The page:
I have to say that waiting for the right time worked out fantastically. Some books just seem to know when you need them. As I said, this one just spoke right to my heart. That's not to suggest that I "know" what it was like for Rebecca Walker to navigate her life or what it's like to be black and white and Jewish all at the same time. What I do know is that I am quite familiar with that sense of not quite belonging to anyone, but maybe belonging enough to be claimed here and there for this or that trait. I have drifted from one home to another within my family or neighborhood or group of friends and felt that change that Walker describes as "switching radio stations". I've felt the sting of being in one group while people denigrate the other part of you, the part that they don't claim, while they insist that it's not you but you know that it is, even if only in part. I've felt it on both sides of me.

We've lived vastly different lives in different times within this country and I couldn't possibly relate to all of Walker's experiences, but I had never known anyone to describe this being and not being so well, so beautifully. The idea of being a "movement baby" sounds terrifying, like for too much to live up to. Later, I found it far easier to relate to what happened when the ideas of the movement were gone and she was treated like her existence was half-oppressor and half-oppressed, when people asked her navigate those waters and explain what it felt like. I was never able to explain what it was like to be fragmented this way and now I have someone to turn to for that.

I loved Walker's style of writing and relating everything back to memory and the way that memory shifts, that way that it can be wrong and right at the same time and the way it shapes us and perceptions of us without ever asking for permission. I loved the poetic feel that accompanies most of the book. I peaked at some other reviews and it's not the kind of book that everyone loves, but I still find it an important book to read and discuss. Perhaps it would make a great book club memoir because it does bring in questions of race on several fronts and it could open conversations about sex in adolescence, the effect of divorce and/or neglect on a child's upbringing and other important issues that Walker goes through that still plague us.

The downside to that, of course, is that using the book that way invites criticism of Walker and her parents as people who were theoretically doing the best they could. I don't mean to sound like I doubt that anyone was doing their best but I also don't want to make it sound like I'm making assumptions about what could/should have been done. The point is simply that getting judgey about someone's life and story like this would miss the point of reading the book.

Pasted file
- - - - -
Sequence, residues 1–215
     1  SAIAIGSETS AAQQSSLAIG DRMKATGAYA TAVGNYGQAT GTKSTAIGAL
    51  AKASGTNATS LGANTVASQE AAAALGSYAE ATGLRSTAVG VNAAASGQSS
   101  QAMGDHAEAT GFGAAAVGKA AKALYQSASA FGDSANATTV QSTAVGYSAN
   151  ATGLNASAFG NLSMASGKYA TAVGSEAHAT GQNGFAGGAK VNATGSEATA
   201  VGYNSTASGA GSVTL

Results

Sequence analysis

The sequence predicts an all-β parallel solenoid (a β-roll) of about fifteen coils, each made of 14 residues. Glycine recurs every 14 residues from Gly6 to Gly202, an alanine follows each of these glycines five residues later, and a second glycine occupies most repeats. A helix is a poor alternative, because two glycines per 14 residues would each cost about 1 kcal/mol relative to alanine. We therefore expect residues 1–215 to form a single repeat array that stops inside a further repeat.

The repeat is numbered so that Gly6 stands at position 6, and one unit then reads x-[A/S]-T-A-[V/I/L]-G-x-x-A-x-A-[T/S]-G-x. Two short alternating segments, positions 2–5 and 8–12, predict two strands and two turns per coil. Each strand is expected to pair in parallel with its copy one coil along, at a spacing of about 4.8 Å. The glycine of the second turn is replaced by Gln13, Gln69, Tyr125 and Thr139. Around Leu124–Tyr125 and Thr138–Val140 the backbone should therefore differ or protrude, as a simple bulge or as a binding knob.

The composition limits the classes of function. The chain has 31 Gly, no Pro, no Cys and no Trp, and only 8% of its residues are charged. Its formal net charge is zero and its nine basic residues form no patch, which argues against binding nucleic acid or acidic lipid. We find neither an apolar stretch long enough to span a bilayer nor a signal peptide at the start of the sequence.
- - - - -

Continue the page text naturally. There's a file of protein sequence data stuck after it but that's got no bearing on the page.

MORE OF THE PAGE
Despite what others might think, I found this book engaging, even at it's lowest moments. I appreciated the way it was a little episodic, moving through periods in her life and only stopping to fit in the moments that best sums up the time-frame for her rather than dwelling on incidentals. As mentioned above, what I loved the most was the way she relates what it is like to not fit succinctly into any single category of race, to be a part of something and not a part of it at the same time, close and yet removed from it. I have felt these things so many times in life when I am in Hispanic or not Hispanic depending on the way whoever I'm talking to feels about it and it rarely seems up to me to let them know who I am and how I fit into these categories and whether or not I even want to. ( )
  Calavari | Apr 5, 2018 |
A very interesting autobiography by Alice Walker's daughter. ( )
  CateK | Jun 2, 2013 |
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In a memoir about the power of race to share one's personal identity, the daughter of Jewish father and African-American mother recalls her confusing but ultimately rewarding life lived between two conflicting ethnic identities. When Mel Leventhal married Alice Walker during the civil rights movement in the late 1960s, his mother declared him dead and did not reconcile until after the birth of her first grandchild. After Mel and Alice divorced, their daughter, Rebecca, alternated homes every two years, spending time in Mississippi, Brooklyn, San Francisco's Haight Ashbury, Washington, D.C., the Bronx, and suburban Westchester. With each new place came a new identity and desperate attempts to fit in: as white or black, as Puerto Rican or Jewish, as a party girl, a fighter, or a lover. Confused, and mostly alone, she turned to sex, drugs, books, and a cast of dangerous and thrilling characters. Black, White, and Jewish is the story of a child's unique struggle for identity and home when nothing in her world told her who she was or where she belonged. Poetic reflections on memory, time, and identity punctuate this gritty exploration of race and sexuality. Rebecca Walker has taken up the lineage of her mother, Alice, whose last name she chose to carry, and has written a lucid and inventive memoir that marks the launch of a major new literary talent.